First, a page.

Byron Cowart Requests Release From Auburn
It has seemed inevitable for the last year that Byron Cowart, one of the top recruits in the nation coming out of high school, would eventually transfer from Auburn. While his decision may have been surprising to some, the transfer of five-star recruits isn’t anything new in the SEC. Take SEC West foes Texas A&M and Alabama, for example. The Aggies and Tide both have had multiple five-star quarterbacks leave their programs.
Of course, Alabama has ridiculous turnover because of the sheer number of elite prospects that end up in Tuscaloosa. The issue with elite recruits, especially at quarterback, has put Texas A&M’s Kevin Sumlin on the hottest seat in the SEC.
Auburn began battling with the nation’s elite recruiters when Gus Malzahn came to the Plains. In that time, Auburn has signed 13 five-star recruits (according to Rivals), including Byron Cowart.
He was Auburn’s highest ranked signee, but he never lived up to his lofty five-star ranking. You may recall our scouting report of Cowart, where I shared some early thoughts that he wasn’t as good as advertised.
It wasn’t surprising that he couldn’t find traction early as a true freshman in 2015. But his inability to find playing time as a sophomore had to be disheartening as incoming freshman five-star recruits Marlon Davidson and Derrick Brown earned immediate playing time. Disturbingly for Cowart, he was banished to the third string entering 2017.
At the start of the season, Cowart made the move to defensive tackle from defensive end when freshman Nick Coe pushed him further down the depth chart.
The final straw may have come this Saturday when Coe earned the starting nod against Mercer in place of Marlon Davidson. While Cowart was penciled in as a defensive tackle, it would have been a great time to move him to his natural spot, at least for a game. Instead, Cowart played limited snaps, recording a single tackle, while freshman Coe and Big Kat Bryant received the bulk of playing time.
Was the issue with Cowart just a personal problem, such as an attitude issue? Or could it be part of a systemic problem the Auburn staff has in identifying and developing recruits into SEC caliber players?
A deeper look into the situation reveals a worrisome trend: the inability of blue-chip, skill-position recruits to pan out. Of those 13 five-star recruits, five were kicked off the team or transferred, including skill-position players Michael Dyer, Roc Thomas, Duke Williams, and Jovon Robinson. Only Cam Newton panned out as a skill-position recruit, but he was a “one-and-done” player from the beginning.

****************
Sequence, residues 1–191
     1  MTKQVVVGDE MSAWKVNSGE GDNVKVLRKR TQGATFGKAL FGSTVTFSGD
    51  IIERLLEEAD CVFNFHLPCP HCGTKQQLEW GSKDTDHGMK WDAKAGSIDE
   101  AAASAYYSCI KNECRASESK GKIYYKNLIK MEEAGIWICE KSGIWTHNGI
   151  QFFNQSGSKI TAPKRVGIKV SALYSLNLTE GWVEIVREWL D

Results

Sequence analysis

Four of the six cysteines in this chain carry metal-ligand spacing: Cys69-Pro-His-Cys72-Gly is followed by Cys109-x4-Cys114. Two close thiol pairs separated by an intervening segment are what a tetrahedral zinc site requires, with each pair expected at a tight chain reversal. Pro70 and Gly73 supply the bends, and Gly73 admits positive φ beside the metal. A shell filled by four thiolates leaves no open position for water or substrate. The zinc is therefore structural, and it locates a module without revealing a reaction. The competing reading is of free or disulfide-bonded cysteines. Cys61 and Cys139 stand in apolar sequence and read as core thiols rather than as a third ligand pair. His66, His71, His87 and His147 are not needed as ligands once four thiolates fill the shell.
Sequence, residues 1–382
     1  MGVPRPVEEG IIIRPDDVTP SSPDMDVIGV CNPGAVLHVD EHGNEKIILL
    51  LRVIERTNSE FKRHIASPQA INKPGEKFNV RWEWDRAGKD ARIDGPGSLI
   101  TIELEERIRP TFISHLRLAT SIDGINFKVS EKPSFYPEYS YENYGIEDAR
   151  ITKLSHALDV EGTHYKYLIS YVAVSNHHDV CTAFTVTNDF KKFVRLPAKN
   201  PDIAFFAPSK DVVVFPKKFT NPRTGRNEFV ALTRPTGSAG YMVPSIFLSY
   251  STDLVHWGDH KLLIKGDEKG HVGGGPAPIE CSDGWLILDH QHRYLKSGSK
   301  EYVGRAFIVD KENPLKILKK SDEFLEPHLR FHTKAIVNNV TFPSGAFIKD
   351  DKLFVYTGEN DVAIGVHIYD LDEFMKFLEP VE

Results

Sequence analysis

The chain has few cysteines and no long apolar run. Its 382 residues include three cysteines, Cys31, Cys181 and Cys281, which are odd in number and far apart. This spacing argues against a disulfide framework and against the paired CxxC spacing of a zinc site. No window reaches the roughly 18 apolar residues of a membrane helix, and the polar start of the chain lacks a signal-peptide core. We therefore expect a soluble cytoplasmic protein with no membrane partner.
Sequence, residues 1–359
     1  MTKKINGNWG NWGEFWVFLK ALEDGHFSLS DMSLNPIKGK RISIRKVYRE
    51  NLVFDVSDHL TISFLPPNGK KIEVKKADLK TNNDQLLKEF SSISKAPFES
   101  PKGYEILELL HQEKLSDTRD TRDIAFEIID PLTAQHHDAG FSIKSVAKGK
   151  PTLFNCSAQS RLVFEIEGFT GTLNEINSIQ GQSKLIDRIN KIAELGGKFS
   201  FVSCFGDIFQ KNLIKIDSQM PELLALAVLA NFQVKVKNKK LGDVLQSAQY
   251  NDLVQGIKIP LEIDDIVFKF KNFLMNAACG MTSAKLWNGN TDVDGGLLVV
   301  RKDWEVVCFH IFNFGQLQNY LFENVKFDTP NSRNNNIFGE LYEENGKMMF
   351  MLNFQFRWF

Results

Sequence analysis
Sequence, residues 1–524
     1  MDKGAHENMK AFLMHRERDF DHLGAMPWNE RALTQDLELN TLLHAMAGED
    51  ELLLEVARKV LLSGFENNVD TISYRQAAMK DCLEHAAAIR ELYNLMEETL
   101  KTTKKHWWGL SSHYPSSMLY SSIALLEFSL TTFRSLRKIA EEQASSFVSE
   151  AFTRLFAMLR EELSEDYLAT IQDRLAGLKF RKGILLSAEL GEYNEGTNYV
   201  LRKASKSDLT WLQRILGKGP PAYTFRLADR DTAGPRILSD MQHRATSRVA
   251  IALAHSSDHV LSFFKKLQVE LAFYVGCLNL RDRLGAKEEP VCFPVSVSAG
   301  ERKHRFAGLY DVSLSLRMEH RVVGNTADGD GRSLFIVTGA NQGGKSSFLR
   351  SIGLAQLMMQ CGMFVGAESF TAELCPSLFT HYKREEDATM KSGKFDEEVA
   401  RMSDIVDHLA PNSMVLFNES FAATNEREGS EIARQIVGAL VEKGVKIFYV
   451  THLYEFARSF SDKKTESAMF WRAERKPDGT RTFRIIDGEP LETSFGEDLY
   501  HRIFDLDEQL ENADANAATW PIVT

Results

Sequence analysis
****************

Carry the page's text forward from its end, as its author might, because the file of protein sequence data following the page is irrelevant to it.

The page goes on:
Auburn’s success stories include Shon Coleman, Montravius Adams, Kris Frost, Carl Lawson and Tré Williams. Although Kris Frost never lived up to his five-star billing, he was a heavy contributor over his career as while battling injury and coaching turnover. Obviously, this is a credit to the defensive staff, in particular D-line coach Rodney Garner.
Garner said Cowart, “Came in with unrealistic expectations. [The media] put more pressure on the kid than he could ever live up to. It’s a process. As he continues to get better, he will play. Just because your stars and ratings don’t match up, that’s on you.”
That sentiment has been attributed to Cowart each year that he has been on the Plains, but it isn’t something that has been said about fellow five-star guys Marlon Davidson or Derrick Brown. In fact, the opposite has been echoed about both of them from the day they arrived.
According to the coaches and players, both showed up ready to play on day one and never looked like freshmen. This is a primary reason that Cowart never made headway on the depth chart. He leaves Auburn with just 15 tackles, with 1.5 for losses, in his 26-game college career.
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